A few months ago, Thomas Piketty, a French economist, released Capital in the 21st Century, a book that I mentioned to readers back in January before its publication.  Piketty’s book has aroused much interest, praise and denunciation.  What could arouse such fire in the hearts of men, you ask?  Inequality.  We humans are a social bunch and, like our chimpanzee cousins, are especially sensitive to inequality.  “She got more chocolate milk than me!  It’s not fair!” is a familiar lament to many parents.

To understand Piketty’s thesis, let’s review some fundamental concepts of capital and income.
“Income is a flow…the quantity of goods produced and distributed in a given period…Capital is a stock…the total wealth owned at a given point in time.” (p. 50)  Piketty’s thesis is based on a ratio of the capital of a nation to the national income.  His definition of capital is so encompassing that my immediate suspicion was the accuracy of estimates of the total wealth of a nation, a flaw that Piketty acknowledges.

The main thesis of Piketty’s book is: as the capital wealth of a nation accumulates, capital’s share of annual national income increases.  For long periods, the rate of growth of accumulated capital is larger than the growth of the economic output/income of a nation.  The process is self-perpetuating, so that capital takes an ever increasing share of national income.  The higher the capital/ national income ratio the more inequality of wealth and income.  Piketty estimates that, in 2010, the capital/income ratio was 450% for the U.S., a bit above Germany and Canada’s ratios, and far below those of France and Great Britain. Piketty proposes a solution to this inexorable process:  a progressive tax on wealth.  Mount up your steeds, men!  The Marxists are coming!

Wealth = Capital

I’ll begin a review of some criticisms of Piketty’s methodology with a brief primer on some measures of capital.  Economists and accountants often analyze the flow generated by a store of capital, but it is capital that can be more easily counted. In finance, there is a metric called Working Capital Turnover Ratio which calculates the flow of sales from the working capital of a firm, and is used to assess both the value and liquidity of a firm.   Piketty rarely uses the term liquidity in his book, but I think it may be an unstated implication of his work.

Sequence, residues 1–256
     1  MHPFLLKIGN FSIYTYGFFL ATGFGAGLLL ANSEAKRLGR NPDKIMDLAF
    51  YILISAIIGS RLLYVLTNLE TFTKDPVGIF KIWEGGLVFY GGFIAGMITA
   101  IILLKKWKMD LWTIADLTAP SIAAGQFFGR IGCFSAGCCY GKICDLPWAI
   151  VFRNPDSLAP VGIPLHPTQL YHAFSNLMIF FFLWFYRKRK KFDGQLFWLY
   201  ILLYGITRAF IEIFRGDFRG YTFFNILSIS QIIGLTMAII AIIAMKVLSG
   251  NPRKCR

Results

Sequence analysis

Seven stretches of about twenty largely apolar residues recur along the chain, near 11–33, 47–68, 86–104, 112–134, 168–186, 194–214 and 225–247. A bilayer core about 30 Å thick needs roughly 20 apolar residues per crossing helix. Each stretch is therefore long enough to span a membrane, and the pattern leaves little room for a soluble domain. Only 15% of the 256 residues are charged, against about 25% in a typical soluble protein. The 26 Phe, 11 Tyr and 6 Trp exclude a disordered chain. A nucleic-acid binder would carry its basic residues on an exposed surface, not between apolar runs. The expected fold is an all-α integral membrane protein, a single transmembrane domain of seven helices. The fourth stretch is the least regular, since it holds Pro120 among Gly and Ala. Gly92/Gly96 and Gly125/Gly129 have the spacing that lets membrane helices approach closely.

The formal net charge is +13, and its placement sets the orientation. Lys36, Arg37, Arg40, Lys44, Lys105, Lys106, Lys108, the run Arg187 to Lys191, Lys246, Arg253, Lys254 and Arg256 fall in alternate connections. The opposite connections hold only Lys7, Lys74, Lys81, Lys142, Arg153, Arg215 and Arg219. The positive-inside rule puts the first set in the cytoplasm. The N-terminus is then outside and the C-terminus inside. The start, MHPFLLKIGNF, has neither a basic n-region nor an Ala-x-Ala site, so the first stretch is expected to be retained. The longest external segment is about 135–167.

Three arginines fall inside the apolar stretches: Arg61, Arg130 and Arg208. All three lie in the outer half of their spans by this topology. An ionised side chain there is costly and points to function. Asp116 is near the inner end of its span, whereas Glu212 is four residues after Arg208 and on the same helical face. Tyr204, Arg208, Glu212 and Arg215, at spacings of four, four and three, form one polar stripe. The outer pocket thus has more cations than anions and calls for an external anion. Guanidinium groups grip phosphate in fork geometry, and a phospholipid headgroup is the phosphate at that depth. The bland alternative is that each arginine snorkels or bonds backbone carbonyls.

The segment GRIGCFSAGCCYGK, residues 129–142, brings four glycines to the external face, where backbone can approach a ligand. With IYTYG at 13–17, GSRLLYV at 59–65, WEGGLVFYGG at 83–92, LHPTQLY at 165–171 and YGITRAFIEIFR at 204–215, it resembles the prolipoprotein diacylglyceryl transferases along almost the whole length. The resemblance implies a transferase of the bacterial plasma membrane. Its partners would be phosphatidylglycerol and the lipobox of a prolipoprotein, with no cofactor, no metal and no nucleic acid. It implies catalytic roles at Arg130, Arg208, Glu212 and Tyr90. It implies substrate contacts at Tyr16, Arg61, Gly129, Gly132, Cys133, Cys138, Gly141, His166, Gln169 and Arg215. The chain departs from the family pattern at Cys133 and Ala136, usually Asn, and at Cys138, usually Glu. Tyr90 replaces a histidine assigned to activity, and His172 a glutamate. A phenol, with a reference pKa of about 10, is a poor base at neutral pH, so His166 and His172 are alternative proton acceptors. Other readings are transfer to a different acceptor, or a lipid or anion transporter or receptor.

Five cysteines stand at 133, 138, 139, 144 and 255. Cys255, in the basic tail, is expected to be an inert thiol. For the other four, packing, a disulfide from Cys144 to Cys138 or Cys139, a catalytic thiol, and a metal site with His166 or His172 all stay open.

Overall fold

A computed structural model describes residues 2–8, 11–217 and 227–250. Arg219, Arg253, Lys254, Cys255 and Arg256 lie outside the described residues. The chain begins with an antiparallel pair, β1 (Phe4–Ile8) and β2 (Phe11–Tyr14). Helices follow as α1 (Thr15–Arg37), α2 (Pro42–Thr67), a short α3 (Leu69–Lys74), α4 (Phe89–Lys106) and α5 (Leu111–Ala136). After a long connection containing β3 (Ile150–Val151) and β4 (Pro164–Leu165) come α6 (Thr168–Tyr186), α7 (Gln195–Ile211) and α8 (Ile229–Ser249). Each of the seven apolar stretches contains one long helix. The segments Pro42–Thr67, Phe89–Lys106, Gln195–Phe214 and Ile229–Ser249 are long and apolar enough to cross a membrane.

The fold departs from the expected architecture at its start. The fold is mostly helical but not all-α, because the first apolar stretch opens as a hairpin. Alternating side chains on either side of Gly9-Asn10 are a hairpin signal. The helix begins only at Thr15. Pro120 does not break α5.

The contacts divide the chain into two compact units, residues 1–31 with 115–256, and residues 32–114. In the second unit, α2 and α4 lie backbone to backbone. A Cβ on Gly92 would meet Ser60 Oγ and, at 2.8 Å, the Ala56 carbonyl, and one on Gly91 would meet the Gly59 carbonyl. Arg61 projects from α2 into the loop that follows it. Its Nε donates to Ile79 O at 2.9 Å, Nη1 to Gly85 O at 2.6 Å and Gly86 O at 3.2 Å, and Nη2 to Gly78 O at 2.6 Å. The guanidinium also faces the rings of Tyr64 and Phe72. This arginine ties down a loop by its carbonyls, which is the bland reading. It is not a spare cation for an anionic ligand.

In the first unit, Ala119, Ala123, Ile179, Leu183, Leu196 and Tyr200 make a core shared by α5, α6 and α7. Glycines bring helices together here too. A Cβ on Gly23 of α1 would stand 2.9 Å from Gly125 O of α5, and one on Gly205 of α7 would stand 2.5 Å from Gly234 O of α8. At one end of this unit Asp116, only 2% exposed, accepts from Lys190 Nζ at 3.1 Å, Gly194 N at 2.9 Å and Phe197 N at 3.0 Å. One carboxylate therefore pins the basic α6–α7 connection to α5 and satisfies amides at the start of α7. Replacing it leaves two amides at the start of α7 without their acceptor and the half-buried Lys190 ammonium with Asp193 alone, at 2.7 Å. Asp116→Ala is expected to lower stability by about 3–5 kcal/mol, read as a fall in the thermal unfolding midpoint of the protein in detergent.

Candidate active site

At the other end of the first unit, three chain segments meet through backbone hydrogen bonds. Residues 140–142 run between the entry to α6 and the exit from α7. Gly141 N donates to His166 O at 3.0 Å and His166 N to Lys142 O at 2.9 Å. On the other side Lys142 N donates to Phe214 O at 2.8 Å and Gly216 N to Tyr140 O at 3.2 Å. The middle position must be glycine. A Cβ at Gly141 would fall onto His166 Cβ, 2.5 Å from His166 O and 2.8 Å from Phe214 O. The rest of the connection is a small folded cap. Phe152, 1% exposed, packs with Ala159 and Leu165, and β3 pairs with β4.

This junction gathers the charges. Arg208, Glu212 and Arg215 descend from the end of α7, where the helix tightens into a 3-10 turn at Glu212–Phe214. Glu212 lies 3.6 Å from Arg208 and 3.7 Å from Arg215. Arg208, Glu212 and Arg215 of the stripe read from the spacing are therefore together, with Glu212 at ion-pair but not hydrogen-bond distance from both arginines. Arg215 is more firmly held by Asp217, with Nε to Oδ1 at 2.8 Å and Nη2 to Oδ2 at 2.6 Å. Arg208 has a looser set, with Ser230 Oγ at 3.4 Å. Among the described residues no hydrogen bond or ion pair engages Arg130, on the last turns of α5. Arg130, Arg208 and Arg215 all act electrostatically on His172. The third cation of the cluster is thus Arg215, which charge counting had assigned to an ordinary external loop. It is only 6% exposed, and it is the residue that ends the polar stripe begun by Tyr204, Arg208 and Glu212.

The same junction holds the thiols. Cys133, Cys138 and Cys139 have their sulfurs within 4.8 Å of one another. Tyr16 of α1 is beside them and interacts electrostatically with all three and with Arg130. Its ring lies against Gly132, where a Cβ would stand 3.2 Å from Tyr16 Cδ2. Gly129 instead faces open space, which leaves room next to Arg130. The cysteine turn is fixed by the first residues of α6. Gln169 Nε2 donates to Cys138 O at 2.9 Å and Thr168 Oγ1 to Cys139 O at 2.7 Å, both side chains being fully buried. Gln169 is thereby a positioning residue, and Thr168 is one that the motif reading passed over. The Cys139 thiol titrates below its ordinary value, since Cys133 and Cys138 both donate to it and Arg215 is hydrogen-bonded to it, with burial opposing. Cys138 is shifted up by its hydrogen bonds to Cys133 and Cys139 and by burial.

ROIC, or Return On Invested Capital, is frequently used to measure how well a firm uses the capital and debt invested in the firm to generate a profit.  These measure net after tax profits as a percentage of the stock of capital and debt in a business.  Piketty also measures flow but it is sales, not profits that is his primary focus.  Profits are of course an intrinsic component of sales since they are that portion of sales income that is left over after all expenses.  The change in real GDP is the percent change in that flow.  Piketty’s concern is the accumulation of the residual of past economic flows, the stock of wealth that he claims earn a greater rate of return than the increase in the annual flow of economic activity.  Capital is a key component of economic growth but Piketty raises concerns that Capital can become too large relative to the flow of economic activity.
  
Hopefully, this brief background will enable the reader to appreciate the criticisms of Piketty’s thesis.  Charles Gave is a forty year veteran of investment management and cofounder of the international investment firm GaveKal.  Coming from the world of finance, Gave understands capital as meaning invested capital or working capital. Keep that in mind as you read Gave’s denunciation of Piketty’s thesis:

The extraordinary thing is that Piketty’s analysis is based on a massive logical error. His thesis runs as follows: if R is the rate of return on invested capital and if G is the growth rate of the economy, since R is greater than G, profits will grow faster than GDP, and the rich will get richer and the poor poorer. This is GIGO (garbage in, garbage out) at its most egregious. Piketty confuses the return on invested capital, or ROIC, with the growth rate of corporate profits, a mistake so basic it is scarcely believable. [Gave’s emphasis]

On page 46 of his book Piketty writes: “In this book, capital is defined as the sum total of nonhuman assets that can be owned and exchanged on some market.”  While this includes invested capital, it is not solely invested capital, for it includes residential real estate, government capital, land and natural resources, some of which are very difficult to value.

In short, Gave read “invested capital” when Piketty wrote just “capital.”  Gave read “corporate profits” when Piketty wrote “return on capital, including profits…” (p. 25).